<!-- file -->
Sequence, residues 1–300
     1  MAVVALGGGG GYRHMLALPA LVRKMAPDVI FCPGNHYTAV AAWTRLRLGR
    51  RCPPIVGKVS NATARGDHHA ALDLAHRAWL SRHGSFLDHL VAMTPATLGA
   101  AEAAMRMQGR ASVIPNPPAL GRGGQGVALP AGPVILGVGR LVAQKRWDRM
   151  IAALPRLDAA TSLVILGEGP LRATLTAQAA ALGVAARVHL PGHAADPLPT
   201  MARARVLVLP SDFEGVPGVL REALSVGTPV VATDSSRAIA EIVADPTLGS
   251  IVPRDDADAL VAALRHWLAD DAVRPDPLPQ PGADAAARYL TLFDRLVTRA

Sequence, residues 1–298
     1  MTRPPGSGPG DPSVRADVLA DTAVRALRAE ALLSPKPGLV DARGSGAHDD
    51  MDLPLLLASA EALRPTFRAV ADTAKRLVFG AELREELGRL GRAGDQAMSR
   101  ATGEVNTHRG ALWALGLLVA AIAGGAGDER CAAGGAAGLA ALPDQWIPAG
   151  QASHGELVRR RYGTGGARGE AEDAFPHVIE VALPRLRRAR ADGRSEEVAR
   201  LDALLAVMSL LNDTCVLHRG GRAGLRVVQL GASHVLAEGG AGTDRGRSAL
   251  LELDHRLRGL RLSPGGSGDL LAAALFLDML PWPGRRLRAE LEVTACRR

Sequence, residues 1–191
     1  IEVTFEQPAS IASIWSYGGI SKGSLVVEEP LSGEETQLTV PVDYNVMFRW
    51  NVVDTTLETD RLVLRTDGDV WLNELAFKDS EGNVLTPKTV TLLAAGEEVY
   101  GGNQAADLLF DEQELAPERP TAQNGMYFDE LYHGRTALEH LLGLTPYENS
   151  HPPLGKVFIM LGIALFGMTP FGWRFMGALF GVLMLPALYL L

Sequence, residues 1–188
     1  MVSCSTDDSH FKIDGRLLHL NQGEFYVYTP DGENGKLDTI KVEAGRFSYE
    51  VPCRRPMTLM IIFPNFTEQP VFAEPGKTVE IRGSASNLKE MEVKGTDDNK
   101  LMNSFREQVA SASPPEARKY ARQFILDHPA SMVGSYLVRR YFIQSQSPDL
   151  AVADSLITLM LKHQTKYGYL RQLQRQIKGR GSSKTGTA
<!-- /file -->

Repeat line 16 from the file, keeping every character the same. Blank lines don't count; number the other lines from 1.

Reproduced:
     1  IEVTFEQPAS IASIWSYGGI SKGSLVVEEP LSGEETQLTV PVDYNVMFRW